These results mean that for every $1,000 increase in the advertising budget, the monthly sales are expected to increase by about $3,080. The intercept indicates that if there were no spending on advertising, the monthly sales would still amount to approximately $25,910.

Highlight both your advertising budget and monthly sales data, then insert a scatter plot through Insert > Chart.

Customize the chart by selecting the scatter plot option. This visual representation helps you see the linear relationship between advertising spend and sales revenue.

Multiple linear regression extends simple linear regression to include two or more independent variables (X1, X2, ...) predicting a single dependent variable (Y). This method allows for the examination of the combined effect of several variables on the outcome, providing a more complex and detailed analysis.

Follow the steps below to run multiple linear regression in Google Sheets.

Input your dataset into Google Sheets with monthly sales (Y) in column D, advertising budget (X1) in column B, and sales calls (X2) in column C. This setup allows you to analyze how both advertising budget and sales calls together affect monthly sales. Label the tops of these columns for easy reference.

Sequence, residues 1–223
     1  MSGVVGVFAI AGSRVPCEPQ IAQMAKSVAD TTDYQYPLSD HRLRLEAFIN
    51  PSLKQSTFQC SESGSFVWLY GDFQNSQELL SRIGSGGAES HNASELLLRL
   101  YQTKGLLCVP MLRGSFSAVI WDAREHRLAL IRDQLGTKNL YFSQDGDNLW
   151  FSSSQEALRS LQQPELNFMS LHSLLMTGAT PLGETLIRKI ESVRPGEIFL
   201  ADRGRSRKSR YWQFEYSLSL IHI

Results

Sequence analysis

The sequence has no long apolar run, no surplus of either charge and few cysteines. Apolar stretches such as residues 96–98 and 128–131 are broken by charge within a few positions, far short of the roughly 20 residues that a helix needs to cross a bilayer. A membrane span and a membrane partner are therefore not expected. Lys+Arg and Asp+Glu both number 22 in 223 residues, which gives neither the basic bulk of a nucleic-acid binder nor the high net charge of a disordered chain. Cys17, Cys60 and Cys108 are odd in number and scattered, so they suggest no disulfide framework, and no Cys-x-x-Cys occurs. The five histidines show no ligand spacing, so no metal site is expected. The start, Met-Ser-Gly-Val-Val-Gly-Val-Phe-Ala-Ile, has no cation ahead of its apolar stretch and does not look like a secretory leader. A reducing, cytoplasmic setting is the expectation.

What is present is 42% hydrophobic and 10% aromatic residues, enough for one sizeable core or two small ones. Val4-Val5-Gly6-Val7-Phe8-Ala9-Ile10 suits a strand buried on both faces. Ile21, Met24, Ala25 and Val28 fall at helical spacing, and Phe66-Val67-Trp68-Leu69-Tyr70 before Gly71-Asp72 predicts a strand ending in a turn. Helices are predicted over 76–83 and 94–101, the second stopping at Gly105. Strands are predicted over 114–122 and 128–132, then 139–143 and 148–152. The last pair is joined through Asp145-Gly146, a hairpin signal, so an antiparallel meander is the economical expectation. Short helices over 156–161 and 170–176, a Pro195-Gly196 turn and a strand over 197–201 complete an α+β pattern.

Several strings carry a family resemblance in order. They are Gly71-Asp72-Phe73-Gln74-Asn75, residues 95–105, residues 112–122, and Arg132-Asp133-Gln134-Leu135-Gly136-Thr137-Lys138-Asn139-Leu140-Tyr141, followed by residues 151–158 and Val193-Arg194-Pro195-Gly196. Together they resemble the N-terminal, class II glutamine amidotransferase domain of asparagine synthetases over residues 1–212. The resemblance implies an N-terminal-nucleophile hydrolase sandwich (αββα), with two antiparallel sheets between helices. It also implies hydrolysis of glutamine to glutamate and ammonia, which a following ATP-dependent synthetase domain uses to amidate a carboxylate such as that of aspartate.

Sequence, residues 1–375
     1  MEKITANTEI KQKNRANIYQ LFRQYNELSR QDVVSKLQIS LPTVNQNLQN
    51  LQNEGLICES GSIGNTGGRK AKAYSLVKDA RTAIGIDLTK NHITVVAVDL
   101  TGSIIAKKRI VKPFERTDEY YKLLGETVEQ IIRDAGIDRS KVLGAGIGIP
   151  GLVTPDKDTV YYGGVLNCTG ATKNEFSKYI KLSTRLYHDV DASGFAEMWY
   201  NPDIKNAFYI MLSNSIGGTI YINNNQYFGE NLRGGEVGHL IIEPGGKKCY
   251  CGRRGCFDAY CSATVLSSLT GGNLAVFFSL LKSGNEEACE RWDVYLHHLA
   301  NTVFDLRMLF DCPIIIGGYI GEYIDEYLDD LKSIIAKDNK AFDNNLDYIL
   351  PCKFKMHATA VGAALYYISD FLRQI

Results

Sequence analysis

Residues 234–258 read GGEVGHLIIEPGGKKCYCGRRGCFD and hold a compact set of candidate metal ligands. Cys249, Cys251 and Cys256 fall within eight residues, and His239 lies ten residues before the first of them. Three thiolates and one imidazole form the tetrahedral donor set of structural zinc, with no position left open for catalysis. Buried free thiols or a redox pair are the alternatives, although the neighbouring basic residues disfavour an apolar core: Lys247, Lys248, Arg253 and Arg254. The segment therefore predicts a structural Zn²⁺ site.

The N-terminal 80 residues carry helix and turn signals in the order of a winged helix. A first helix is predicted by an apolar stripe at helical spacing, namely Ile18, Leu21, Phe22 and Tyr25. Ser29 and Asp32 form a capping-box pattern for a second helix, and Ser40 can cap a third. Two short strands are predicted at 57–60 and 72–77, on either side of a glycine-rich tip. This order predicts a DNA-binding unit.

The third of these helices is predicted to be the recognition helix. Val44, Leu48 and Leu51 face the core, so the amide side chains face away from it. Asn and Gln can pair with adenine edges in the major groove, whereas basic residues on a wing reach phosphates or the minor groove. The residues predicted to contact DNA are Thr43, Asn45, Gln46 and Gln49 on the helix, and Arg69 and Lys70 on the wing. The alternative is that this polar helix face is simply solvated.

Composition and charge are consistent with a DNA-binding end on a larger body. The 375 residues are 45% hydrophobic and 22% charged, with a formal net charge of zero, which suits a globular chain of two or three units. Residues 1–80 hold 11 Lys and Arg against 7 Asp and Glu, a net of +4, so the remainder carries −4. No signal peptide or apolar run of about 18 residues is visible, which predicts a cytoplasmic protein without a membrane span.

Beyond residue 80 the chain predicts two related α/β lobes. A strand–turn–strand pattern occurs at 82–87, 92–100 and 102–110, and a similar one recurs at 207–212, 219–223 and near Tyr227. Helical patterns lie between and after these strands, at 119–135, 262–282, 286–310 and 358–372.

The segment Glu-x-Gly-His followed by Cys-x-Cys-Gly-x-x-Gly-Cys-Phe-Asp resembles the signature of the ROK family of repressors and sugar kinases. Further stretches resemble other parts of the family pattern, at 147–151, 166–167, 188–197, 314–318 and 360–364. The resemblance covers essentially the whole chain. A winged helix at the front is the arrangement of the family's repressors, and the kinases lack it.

Choose a range of cells, like E2:H5, to display the output from the LINEST function. This area needs to be large enough to accommodate the regression coefficients and any additional statistics, like the R-squared value, which measures the fit of your regression model.

Type =LINEST(D2:D13, B2:C13, TRUE, TRUE) in the formula bar and press Enter.

This command tells Google Sheets to calculate the coefficients for both your independent variables (advertising budget and sales calls) in relation to monthly sales. It will also provide additional regression statistics because of the TRUE parameters.

Examine the output. The first row shows how much monthly sales are expected to increase with each additional thousand dollars spent on advertising and with each additional sales call. Subsequent rows give you statistical insights, such as the model's overall fit (R-squared value), helping you understand the effectiveness of your sales efforts.

**Intercept: **Approximately 24.34

**Coefficient for Advertising Budget:** Approximately 2.01

**Coefficient for Sales Calls: **Approximately 0.55

In the context of multiple linear regression:

- The intercept of around 24.34 suggests that with no spending on advertising and no sales calls, the monthly sales would be approximately $24,340.

- The coefficient for the advertising budget of about 2.01 means that, holding sales calls constant, for every $1,000 increase in the advertising budget, monthly sales are expected to increase by about $2,010.

- The coefficient for sales calls of about 0.55 indicates that, holding the advertising budget constant, for each additional sales call, monthly sales are expected to increase by approximately $550.

We hope that you now have a better understanding of how to do linear regression in Google Sheets. If you enjoyed this article, you might also like our article on how to remove all hyperlinks in Google Sheets or our article on why the Google Sheets app keeps crashing.